Dr. Omaima Abou-Bakr, is a professor of English and comparative literature at Cairo University, Egypt; a founding member of “The Women and Memory Forum”; and a member of the Musawah Knowledge Building team. She specialises in medieval Sufi poetry and comparative topics in medieval English and Arabic literature. Her scholarly interests also include women’s mysticism and female spirituality in Christianity and Islam, feminist theology, Muslim women’s history, and gender issues in Islamic discourse.</p> <p>Dr. Mulki Al-Sharmani, a senior lecturer and an Academy of Finland research fellow at the Faculty of Theology, Study of Religion Unit, University of Helsinki, Finland, and a member of the Musawah Knowledge Building Working Group. She is currently working on two research projects: ‘Islamic Feminism: Tradition, Authority, and Hermeneutics’ and ‘Transnational Muslim Marriages in Finland: Law, Gender, and Wellbeing’. From 2010 to 2011, Mulki was a research fellow at Helsinki Collegium for Advanced Studies, University of Helsinki. From 2005 to 2010, she was a joint research-teaching faculty member at the American University in Cairo.
As part of Musawah’s 10th anniversary celebrations, Knowledge Building Coordinator Sarah Marsso sat down with Islamic feminist scholars Dr. Omaima Abou-Bakr and Dr. Mulki Al Sharmani to talk about their insights into the different layers of meaning in the Qur’an, their evolving relationships with Qur’anic text, and women’s voices.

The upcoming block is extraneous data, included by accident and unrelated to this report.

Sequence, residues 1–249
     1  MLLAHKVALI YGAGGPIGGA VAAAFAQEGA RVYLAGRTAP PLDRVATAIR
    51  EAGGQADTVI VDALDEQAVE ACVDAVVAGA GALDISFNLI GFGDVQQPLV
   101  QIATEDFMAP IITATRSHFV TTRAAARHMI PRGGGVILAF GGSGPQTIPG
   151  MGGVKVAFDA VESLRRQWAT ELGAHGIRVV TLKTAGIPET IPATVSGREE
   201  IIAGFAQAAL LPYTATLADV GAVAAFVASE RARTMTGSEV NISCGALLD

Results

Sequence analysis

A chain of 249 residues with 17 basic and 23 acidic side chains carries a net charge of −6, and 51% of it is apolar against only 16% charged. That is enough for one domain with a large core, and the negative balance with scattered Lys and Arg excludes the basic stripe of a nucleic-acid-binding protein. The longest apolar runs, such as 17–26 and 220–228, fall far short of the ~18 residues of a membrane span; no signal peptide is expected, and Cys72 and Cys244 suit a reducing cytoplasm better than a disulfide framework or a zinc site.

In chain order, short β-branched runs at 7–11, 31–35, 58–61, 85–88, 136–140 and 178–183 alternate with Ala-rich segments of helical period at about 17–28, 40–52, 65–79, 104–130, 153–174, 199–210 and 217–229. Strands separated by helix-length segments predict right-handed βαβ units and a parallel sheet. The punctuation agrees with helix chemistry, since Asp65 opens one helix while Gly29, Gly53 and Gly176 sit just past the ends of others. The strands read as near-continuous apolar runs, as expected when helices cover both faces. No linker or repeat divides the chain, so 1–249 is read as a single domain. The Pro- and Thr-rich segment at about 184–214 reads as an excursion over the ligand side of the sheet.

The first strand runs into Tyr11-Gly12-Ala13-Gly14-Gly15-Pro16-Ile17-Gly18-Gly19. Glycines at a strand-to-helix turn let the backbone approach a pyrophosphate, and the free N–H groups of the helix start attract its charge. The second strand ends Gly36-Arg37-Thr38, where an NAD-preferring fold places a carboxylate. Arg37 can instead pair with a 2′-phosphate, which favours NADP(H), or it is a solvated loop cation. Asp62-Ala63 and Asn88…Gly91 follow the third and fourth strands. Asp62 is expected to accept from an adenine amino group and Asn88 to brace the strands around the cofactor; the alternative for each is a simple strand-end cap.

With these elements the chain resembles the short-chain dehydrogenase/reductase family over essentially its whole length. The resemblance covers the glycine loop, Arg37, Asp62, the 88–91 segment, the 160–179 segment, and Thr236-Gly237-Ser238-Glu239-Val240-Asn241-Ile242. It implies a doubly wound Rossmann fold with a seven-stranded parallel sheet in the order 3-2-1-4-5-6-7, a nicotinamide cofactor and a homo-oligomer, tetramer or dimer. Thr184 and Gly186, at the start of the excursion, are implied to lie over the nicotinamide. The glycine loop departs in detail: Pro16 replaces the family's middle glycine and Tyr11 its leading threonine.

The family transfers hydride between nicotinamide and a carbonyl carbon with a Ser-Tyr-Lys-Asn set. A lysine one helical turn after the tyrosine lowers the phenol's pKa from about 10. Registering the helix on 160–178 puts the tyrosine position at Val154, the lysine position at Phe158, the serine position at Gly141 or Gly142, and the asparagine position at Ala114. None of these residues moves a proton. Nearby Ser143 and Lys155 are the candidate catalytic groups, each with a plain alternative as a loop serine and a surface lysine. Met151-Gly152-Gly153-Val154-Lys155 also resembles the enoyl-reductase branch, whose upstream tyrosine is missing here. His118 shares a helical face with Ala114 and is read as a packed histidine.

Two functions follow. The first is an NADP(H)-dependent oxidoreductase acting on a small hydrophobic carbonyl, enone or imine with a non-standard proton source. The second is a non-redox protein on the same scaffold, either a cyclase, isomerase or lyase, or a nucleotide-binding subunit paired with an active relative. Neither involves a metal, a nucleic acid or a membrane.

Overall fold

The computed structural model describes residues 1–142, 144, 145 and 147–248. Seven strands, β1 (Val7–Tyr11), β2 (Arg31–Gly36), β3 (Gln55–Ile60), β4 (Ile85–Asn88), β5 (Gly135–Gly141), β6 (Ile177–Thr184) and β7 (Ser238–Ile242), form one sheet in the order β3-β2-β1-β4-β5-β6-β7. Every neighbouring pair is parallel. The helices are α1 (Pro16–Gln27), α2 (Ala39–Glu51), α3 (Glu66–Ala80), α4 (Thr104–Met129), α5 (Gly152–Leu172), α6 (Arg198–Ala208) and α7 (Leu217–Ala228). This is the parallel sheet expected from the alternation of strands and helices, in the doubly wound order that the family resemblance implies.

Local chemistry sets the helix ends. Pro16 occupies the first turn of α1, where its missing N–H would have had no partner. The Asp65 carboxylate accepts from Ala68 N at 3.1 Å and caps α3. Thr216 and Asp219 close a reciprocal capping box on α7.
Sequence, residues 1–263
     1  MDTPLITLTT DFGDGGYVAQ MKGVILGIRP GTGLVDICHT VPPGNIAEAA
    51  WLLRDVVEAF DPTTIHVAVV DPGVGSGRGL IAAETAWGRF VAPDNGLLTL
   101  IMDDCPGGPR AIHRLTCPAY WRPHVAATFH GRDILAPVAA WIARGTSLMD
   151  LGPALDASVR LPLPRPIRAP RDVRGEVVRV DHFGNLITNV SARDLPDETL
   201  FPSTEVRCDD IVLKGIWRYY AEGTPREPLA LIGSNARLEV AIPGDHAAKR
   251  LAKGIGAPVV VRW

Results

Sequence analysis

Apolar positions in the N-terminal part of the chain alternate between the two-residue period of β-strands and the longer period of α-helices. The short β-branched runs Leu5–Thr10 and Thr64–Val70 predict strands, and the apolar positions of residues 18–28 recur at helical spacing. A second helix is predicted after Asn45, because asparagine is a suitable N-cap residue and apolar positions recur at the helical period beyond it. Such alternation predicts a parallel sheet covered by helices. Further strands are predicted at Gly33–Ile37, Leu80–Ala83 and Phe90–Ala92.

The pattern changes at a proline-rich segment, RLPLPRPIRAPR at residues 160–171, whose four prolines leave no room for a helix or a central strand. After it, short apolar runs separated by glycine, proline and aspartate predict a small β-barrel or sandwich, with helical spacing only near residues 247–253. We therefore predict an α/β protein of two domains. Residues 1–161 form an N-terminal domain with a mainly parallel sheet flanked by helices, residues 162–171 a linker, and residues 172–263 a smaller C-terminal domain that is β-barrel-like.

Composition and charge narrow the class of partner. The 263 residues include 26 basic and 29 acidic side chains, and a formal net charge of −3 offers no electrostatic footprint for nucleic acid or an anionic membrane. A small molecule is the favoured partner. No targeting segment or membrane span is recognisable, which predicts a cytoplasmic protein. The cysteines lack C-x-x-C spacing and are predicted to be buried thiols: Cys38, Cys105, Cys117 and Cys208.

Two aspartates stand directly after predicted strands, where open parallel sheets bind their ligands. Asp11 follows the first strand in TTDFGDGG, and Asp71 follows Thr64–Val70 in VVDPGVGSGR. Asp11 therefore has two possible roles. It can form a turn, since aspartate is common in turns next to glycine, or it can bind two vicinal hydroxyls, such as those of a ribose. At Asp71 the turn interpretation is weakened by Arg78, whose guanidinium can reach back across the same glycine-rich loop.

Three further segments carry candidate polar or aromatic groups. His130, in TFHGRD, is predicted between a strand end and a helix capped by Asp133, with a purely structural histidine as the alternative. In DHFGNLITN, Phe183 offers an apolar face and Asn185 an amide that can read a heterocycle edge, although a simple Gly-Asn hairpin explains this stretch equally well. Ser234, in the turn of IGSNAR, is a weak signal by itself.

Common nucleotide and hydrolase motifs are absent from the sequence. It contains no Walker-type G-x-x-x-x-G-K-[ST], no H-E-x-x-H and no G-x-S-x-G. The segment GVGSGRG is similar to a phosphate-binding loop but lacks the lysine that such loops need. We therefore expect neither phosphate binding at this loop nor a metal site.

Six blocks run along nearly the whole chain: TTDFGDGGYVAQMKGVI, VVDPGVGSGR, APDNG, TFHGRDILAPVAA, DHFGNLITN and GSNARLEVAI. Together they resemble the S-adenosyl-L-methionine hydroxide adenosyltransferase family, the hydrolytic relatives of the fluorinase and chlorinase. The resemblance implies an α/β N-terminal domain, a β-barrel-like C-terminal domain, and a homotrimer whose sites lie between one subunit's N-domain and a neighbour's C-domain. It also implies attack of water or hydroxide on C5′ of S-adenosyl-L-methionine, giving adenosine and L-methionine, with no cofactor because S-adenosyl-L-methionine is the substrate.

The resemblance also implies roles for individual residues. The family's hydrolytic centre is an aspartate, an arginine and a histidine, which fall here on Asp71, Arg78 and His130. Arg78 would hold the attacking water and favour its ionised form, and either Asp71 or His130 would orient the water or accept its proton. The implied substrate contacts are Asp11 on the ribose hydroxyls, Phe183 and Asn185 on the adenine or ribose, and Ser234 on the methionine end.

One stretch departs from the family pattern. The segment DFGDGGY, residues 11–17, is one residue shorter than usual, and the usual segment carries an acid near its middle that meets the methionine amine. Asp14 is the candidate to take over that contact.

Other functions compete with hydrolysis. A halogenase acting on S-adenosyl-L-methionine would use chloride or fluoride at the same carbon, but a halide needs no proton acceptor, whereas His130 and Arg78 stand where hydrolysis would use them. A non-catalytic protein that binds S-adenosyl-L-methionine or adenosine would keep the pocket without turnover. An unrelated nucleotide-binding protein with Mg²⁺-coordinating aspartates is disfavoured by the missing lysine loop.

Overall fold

« There is nothing in the whole world than can stop them [Muslim women] from reading the Qur’an, researching, studying, reflecting on the Qur’an whether for gender justice or for any other issue or any other topic or subject. This is God’s words to us, to all of us as human beings… [God] (SWT) tells us in the Qur’an
أَفَلَا يَتَدَبَّرُونَ الْقُرْآنَ أَمْ عَلَىٰ قُلُوبٍ أَقْفَالُهَا [Then do they not reflect upon the Qur’an, or are there locks upon [their] hearts? 47:24]. If you don’t do tadabbur [reflection], this means that your hearts are closed. In general, for anyone (…) you can make yourself expert by reading, studying and researching, so of course women should do that; Muslim women should definitely do that. » — Omaima Abou-Bakr